Chad M. Orton, a Church archivist, and William W. Slaughter, a Church photo historian and senior reference specialist, have both published extensively, their past works including Joseph Smith’s America (Orton) and Trail of Hope: The Story of the Mormon Trail (Slaughter). In their new biography, they challenge the slanderous news articles targeted at Brigham Young in his day and seek to illuminate the true character of the man who “often remains hidden in the shadows of the hats” he wore, such as prophet, family patriarch, and colonizer (xiii).
Rather than being organized chronologically, the book is divided into forty chapters that focus on Brigham Young’s traits and accomplishments, painting him as a man of faith, tenacity, vision, and compassion—despite his being “a hard-spoken New Yorker” (150). Chapters like “Brigham as Renaissance Man” highlight his extraordinary talent, while other chapters like “Trust and Loyalty: Two Strengths and a Weakness” reveal his human capacity to falter. Some chapters provide historical context, such as a life chronology, a list of contemporary world and Church leaders, and a list of his wives, his marriage dates, his children, and family birthdates.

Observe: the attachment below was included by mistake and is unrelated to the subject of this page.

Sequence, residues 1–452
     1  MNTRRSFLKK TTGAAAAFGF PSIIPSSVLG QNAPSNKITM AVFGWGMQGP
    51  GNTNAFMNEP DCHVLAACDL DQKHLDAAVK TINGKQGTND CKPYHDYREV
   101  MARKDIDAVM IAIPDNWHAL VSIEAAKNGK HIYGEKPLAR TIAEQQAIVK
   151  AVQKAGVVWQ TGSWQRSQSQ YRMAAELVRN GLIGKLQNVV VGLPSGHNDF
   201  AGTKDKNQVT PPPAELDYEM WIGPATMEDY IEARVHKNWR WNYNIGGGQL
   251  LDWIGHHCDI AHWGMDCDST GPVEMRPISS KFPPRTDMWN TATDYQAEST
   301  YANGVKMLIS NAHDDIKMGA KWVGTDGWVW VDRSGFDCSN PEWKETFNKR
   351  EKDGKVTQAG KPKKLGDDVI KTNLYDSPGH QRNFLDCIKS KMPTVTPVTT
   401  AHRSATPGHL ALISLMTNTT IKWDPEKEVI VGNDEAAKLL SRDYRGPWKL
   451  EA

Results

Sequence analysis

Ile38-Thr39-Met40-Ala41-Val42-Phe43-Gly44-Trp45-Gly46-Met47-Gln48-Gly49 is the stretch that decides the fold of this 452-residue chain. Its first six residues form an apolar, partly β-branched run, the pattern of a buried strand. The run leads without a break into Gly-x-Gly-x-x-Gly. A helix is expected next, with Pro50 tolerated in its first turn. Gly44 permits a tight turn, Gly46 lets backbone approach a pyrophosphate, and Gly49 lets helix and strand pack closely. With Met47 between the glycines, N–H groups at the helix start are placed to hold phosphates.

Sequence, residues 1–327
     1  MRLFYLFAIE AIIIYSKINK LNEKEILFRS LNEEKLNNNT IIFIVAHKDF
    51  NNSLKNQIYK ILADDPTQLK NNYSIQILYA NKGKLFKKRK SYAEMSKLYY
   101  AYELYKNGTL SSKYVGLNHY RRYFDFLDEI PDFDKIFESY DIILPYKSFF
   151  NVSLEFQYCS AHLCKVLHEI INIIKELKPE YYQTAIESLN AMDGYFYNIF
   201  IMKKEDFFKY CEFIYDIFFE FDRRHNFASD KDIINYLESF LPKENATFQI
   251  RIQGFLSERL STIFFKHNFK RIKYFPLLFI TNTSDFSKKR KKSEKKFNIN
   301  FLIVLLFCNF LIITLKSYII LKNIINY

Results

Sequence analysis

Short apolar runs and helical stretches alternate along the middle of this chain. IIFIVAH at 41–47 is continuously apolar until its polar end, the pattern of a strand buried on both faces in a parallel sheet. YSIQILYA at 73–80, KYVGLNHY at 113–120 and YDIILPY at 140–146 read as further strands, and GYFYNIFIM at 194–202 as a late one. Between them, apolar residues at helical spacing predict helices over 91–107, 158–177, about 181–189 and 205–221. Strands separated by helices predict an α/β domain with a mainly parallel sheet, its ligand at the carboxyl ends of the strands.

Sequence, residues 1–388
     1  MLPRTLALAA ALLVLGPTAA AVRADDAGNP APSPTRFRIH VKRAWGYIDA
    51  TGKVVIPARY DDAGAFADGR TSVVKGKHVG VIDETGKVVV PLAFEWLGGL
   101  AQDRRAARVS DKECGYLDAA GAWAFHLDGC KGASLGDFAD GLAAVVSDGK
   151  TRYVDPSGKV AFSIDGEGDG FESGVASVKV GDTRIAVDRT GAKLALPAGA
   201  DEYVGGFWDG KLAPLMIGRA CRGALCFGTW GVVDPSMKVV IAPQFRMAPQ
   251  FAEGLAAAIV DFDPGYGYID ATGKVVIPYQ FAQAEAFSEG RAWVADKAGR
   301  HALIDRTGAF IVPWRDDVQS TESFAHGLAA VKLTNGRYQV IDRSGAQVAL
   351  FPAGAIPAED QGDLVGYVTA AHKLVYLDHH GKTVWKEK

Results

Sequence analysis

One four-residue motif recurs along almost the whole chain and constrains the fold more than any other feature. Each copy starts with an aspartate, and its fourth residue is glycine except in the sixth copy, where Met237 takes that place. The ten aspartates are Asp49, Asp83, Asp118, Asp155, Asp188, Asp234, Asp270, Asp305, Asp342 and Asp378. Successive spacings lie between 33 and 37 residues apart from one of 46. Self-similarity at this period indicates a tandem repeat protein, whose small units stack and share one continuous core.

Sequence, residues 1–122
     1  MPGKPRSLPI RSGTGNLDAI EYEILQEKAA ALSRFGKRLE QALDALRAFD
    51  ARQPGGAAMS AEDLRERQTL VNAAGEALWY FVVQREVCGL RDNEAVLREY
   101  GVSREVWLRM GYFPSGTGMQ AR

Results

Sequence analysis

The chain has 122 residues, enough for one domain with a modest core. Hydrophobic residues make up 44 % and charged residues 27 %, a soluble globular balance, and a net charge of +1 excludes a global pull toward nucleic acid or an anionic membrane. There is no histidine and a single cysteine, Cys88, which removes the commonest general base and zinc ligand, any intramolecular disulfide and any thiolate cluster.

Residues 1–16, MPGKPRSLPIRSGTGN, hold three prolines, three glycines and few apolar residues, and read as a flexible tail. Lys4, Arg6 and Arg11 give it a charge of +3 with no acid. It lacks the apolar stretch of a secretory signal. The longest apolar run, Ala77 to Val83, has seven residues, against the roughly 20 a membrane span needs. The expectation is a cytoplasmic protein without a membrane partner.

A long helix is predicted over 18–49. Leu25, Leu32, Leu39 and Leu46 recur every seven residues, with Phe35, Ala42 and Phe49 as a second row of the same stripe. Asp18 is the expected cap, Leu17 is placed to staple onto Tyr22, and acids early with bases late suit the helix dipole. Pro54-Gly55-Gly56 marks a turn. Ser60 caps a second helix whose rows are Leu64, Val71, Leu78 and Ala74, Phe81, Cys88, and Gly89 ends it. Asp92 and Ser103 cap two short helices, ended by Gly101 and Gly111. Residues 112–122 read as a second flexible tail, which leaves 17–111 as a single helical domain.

The authors do not skim over the libel directed at Brigham Young in a chapter called “America’s Bogeyman,” and at the book’s conclusion, the authors include both positive and negative notices written at his death. The New York Tribune editorialized: “Even his dupes will find out some day that their prophet was really nothing, but a cunning, clever old rascal, . . . and they will wonder how he could have left them without so much as a parting wink, to show that he had enjoyed the joke” (264).
Outside perspectives provide a sharp contrast to the way Brigham Young saw himself: “My whole life is devoted to . . . service and while I regret that my mission is not better understood by the world, the time will come when I will be understood and I leave to futurity the judgment of my labors and their results as they shall become manifest” (267). The authors have contributed well to this end. Both Latter-day Saints and others who are interested in Mormon history will want to read this multifaceted examination of the man the authors describe as “enigmatic,” “vilified,” and “the most misunderstood individual on the lists of the 100 greatest and most influential Americans” (xiii).